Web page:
publication

Experimental focal neocortical epilepsy is associated with reduced white matter volume growth: results from multiparametric MRI analysis

Otte, Wim, van Meer, Maurits P A, van der Marel, Kajo, Zwartbol, René, Viergever, Max A., Braun, Kees P J, Dijkhuizen, Rick M.

DOI: https://doi.org/10.1007/s00429-013-0633-4

Brain Structure and Function 220 (1), p. 27-36

Abstract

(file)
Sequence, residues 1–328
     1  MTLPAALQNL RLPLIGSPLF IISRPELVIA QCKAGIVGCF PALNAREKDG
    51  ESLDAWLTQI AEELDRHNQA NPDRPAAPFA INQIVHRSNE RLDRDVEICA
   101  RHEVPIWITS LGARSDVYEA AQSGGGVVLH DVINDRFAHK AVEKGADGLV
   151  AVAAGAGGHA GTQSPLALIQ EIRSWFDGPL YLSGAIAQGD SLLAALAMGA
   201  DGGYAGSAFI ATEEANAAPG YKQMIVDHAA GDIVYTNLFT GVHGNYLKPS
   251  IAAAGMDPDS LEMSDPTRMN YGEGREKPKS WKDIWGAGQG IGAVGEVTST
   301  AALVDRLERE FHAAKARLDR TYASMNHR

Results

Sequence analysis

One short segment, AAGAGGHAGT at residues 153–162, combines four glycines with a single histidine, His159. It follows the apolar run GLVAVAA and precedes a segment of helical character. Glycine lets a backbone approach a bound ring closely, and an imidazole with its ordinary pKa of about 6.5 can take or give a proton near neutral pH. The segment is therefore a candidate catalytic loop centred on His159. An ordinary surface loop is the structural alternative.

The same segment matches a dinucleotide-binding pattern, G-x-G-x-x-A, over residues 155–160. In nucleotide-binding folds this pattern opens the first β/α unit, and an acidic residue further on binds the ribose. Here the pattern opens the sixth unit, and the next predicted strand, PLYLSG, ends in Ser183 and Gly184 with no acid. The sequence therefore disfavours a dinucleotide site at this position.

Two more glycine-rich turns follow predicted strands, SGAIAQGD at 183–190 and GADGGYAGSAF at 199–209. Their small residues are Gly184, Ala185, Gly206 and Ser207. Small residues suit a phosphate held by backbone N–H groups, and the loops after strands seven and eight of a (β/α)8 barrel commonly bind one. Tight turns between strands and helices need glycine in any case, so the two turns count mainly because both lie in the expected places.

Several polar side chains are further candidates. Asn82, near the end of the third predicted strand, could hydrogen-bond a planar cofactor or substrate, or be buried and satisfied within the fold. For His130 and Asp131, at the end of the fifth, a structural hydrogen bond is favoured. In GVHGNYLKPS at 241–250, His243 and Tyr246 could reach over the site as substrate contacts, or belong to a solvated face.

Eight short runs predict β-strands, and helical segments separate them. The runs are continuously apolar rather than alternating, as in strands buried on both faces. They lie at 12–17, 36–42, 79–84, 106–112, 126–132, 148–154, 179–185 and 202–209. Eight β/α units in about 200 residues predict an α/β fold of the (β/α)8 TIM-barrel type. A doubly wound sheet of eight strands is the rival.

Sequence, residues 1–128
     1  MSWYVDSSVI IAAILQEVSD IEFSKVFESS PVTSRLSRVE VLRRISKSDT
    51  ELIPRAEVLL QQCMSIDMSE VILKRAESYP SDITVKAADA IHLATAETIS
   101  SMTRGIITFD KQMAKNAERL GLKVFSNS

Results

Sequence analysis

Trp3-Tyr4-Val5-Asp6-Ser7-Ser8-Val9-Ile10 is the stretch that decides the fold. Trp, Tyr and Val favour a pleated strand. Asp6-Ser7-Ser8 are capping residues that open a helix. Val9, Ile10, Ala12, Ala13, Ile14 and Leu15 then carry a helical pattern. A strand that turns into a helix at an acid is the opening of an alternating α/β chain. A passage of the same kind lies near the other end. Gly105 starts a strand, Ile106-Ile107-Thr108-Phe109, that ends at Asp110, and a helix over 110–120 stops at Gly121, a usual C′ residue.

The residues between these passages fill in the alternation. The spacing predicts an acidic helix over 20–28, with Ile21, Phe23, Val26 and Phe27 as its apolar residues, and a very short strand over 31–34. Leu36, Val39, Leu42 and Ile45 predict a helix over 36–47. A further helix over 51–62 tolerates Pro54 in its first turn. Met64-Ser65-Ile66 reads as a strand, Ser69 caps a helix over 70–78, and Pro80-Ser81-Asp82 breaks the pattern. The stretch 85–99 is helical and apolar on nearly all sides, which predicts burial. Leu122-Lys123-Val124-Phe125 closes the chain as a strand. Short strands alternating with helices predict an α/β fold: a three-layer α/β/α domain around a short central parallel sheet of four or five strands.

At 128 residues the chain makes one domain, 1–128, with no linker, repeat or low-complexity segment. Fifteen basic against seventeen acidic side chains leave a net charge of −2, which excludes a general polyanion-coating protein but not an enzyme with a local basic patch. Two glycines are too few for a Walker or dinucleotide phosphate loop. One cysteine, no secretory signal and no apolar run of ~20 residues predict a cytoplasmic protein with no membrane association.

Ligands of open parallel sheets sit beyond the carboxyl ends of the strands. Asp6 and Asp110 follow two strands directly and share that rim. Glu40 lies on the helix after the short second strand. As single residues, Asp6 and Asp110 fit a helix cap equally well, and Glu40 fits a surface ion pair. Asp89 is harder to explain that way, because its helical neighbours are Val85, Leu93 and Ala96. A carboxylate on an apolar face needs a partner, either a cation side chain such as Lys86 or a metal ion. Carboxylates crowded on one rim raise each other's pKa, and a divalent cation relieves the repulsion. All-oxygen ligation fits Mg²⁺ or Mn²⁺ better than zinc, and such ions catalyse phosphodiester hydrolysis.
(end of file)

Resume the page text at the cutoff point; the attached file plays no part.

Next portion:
Focal epilepsy has recently been associated with remote white matter damage, including reduced white matter volume. Longitudinal assessment of these white matter changes, in relation to functional mechanisms and consequences, may be ideally done by in vivo neuroimaging in well-controlled experimental animal models. We assessed whether advanced machine learning algorithm models could accurately detect volumetric changes in white matter from multiparametric MR images, longitudinally collected in a neocortical focal epilepsy rat model. We measured classification accuracy in two supervised segmentation models: i.e. the generalized linear model and the nonlinear random forest model-by comparing computed white matter probabilities with actual neuroanatomically identified white matter. We found excellent overall discriminatory power for both models. However, the random forest model demonstrated a superior goodness-of-fit calibration plot that was close to the ideal calibration line. Based on this model, we measured that total white matter volume increased in young adult control and epileptic rats over a period of 10 weeks, but the average white matter volume was significantly lower in the focal epilepsy group. Changes in gray matter volume were not significantly different between control and epileptic rats. Our results (1) indicate that recurrent spontaneous seizures have an adverse effect on global white matter growth and (2) show that individual whole brain white matter volume can be accurately determined using a combination of multiparametric MRI and supervised segmentation models, offering a powerful tool to assess white matter volume changes in preclinical studies of neurological disease.